It is with heartfelt pride I extend a proud and Happy Veteran’s Day to all Veterans who served our country. I have a heart filled with love, respect and pride for ALL VETERANS, especially the Veterans of the “Vietnam conflict.”
As my loyal readers know, I am married to a Vietnam Veteran. Married only three months when he shipped out for Vietnam on Thanksgiving Day. What a broken-hearted Thanksgiving that day was for me. I remember crying and praying all day long for God to keep my soldier husband safe and to bring him back to me.
Years later, after watching my husband burst into rages, I researched to see what was going on within him. He would not talk to me. When he was tormented, I heard these words: “It don’t mean nothing.”
The fights and rages continued and each time he said, “It don’t mean nothing,” I realized his words meant a lot, especially to me. He was careful. Never did he show his rage in public. He only showed them to me. Never did others see him choking me during nights of fitful sleep. “It don’t mean nothing,” certainly meant something horrifying to him. When we saw the movies about Vietnam, one of the lines by a fighting soldier were: “It don’t mean nothing. Man. It don’t mean nothing.”
I tapped my husband on the shoulder. “You say that all the time to me.”
He looked at me in the darkness of the movie theater.
Once, after playing golf with his closest Vietnam friend, he came home and said: “Jerry thinks I have PTSD.”
“Oh,” I smiled. “Jerry thinks you might have PTSD. Guess what! I KNOW you have PTSD.”
A few weeks later, Phil decided to meet with his doctors at the Ralph H. Johnson VA Medical Center. The doctors confirmed he definitely had PTSD. For those who might not be aware, Post Traumatic Stress Disorder [PTSD] wasn’t diagnosed until 1980. http://www.ptsd.va.gov/professional/PTSD-overview/ptsd-overview.asp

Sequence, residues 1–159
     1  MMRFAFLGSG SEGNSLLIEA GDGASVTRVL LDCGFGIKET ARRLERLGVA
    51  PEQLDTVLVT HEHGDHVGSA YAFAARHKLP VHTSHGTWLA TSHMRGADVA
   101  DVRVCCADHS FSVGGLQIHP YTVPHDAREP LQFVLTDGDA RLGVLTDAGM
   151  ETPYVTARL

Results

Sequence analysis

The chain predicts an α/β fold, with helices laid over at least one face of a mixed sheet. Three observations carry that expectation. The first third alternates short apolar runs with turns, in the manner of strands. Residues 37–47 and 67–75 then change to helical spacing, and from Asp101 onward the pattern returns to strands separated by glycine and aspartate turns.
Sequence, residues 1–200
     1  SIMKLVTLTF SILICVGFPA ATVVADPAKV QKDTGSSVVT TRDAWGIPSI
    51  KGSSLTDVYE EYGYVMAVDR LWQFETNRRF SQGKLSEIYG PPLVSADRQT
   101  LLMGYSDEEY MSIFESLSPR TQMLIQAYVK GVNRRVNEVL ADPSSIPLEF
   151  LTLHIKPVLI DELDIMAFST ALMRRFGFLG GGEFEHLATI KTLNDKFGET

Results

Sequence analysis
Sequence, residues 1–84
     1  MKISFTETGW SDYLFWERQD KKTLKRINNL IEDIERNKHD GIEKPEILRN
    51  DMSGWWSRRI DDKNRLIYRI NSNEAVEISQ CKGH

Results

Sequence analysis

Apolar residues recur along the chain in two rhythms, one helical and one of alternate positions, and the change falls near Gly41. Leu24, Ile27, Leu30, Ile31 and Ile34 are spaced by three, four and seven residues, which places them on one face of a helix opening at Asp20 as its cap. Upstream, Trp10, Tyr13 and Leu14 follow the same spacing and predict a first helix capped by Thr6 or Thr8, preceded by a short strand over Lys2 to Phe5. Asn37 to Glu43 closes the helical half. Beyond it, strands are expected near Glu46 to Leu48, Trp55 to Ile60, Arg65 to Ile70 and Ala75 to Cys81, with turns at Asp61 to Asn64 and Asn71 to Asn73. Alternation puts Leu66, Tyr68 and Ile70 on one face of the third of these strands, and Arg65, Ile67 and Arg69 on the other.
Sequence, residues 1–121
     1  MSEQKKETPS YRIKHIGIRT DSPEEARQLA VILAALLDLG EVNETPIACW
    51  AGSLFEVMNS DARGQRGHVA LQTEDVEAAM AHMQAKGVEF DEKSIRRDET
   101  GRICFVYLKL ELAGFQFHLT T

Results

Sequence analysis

In this household, PTSD existed much earlier while watching my husband jump practically out of his skin whenever he heard loud noises. Let’s not discuss fireworks. He shivers like a frightened child when he hears them. In the middle of the night, he would straddle me. Hands around my neck, squeezing and choking me while muttering something about “Charlie’s coming,” and a few words I could not understand in a foreign language – Vietnamese style.
On Veterans’ Day, I do not want to digress about Vietnam.
Today, after the election, there is so much hatred in America. How I wish all of those angry people would go to a church and pray — to rid their bodies of the hatred they have. We in America, need to give our new President Elect a chance to make America Great again. We should not beat others, knocking them out of their cars, kicking, screaming cursing at them simply because “You voted for Trump.”
We must move forward. We must fly our USA flags proudly, not burn them. We must say to a Veteran, “Thank you for your service.” Most of all, we should not hate.
To all of you who served our country, I shall say again: “Thank you,” and “May God bless you, and all of us in the United States of America, as we move forward to a new President.”
May God bless the USA. Welcome Home Veterans. HAPPY VETERANS DAY.
[The photographs posted are from the HHC 3rd Brigade, 9th Infantry Division. I love each and every one of you and your families. Happy Veteran’s Day! Photography credit: Barbie Perkins-Cooper]